Ilya Marritz covers business for WNYC.
Explainer: What the Frak is Fracking?
Tuesday, April 12, 2011
Why is fracking in the news all the time?
Hydraulic fracturing or “fracking” is a method to get oil or gas out of the ground, particularly in areas where gas reserves were previously considered too difficult to tap. As dependence on foreign oil has become more of a hot-button issue, Americans are learning for the first time that there’s natural gas deep below their backyards. Fracking has impacts on the environment, and there are many unanswered questions about the risks.
So how does fracking work?
Fracking is used when there are many small bubbles of gas trapped in shale rock underground. After a well bore is drilled, a mix of specially engineered fluids is pumped down the shaft at very high pressure. This causes the shale at the bottom to break up, releasing bubbles of gas to freely flow to the surface for capture.
What’s in these “specially engineered fluids”?
Fracking fluids are mostly water - at least 98 percent - but the non-water portion is the cause of a great deal of worry and controversy. Dr. Theo Colborn, a former advisor to the EPA has compiled an extensive list of chemicals used in fracking from publicly available sources, including methanol, naphthalene, petroleum and hydrochloric acid. She found nearly half to be endocrine disruptors, substances that interfere with the body’s hormonal balance. There were also carcinogens and chemicals damaging to the nervous system.
How will we know if they’re harmful?
Although the Energy Policy Act of 2005 amended the Safe Drinking Water Act to release energy companies from the obligation to disclose the chemicals they use in fracking, Congress has required continuing disclosure of one substance: diesel. An investigation by Congressional Democrats found drillers have injected millions of gallons of diesel – which has been linked cancer and nerve damage- into wells in 19 states over the past several years, without performing environmental reviews as required.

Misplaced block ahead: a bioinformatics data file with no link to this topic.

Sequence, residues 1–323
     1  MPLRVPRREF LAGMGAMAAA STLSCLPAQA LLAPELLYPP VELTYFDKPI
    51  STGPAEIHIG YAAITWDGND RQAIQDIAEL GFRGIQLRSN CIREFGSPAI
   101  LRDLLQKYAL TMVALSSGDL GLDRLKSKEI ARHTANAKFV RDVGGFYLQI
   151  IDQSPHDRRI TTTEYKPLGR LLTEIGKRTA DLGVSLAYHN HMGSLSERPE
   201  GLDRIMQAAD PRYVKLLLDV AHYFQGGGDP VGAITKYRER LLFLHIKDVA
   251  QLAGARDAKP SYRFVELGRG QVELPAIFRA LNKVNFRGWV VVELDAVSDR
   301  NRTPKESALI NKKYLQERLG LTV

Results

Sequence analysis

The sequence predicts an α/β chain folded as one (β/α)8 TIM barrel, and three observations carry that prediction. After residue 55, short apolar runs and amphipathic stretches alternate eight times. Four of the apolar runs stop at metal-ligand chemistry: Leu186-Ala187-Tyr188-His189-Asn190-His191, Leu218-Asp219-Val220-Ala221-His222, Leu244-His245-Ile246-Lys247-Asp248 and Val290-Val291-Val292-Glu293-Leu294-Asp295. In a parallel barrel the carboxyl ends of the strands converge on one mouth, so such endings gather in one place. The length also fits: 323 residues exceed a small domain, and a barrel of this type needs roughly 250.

A subsequent report by the same group details 750 additives used in fracking wells since 2005: “Some of the components used in the hydraulic fracturing products were common and generally harmless, such as salt and citric acid. Some were unexpected, such as instant coffee and walnut hulls. And some were extremely toxic, such as benzene and lead.”
This report concluded from 2005 to 2009, 29 of the chemicals used were ”known or possible human carcinogens, regulated under the Safe Drinking Water Act for their risks to human health or listed as hazardous air pollutants under the Clean Air Act.” Investigators also wrote that the oil and gas companies in some instances could not -- or would not, citing proprietary information -- provide the chemical makeup of the fluids used in all instance.